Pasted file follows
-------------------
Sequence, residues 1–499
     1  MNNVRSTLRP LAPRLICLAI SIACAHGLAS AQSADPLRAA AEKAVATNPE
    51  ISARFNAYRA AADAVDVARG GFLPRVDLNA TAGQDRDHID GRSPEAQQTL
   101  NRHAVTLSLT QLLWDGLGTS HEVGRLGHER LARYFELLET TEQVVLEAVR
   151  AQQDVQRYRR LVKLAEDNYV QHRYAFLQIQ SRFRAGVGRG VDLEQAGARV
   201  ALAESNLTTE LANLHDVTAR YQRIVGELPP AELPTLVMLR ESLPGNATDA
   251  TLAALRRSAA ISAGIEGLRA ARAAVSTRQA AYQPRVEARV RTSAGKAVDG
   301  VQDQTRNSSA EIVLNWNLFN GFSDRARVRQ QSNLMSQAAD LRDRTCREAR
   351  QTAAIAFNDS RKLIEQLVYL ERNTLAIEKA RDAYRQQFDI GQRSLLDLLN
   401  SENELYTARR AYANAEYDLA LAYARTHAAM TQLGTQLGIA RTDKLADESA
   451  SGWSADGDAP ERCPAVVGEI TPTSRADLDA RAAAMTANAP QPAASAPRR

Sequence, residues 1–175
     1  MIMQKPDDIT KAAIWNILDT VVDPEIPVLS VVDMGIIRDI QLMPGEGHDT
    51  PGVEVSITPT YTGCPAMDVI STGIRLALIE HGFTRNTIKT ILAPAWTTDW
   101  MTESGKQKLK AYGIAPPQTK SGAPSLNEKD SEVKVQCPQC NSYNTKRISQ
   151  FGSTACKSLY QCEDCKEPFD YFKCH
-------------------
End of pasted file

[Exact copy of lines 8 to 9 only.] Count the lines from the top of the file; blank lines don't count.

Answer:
   301  VQDQTRNSSA EIVLNWNLFN GFSDRARVRQ QSNLMSQAAD LRDRTCREAR
   351  QTAAIAFNDS RKLIEQLVYL ERNTLAIEKA RDAYRQQFDI GQRSLLDLLN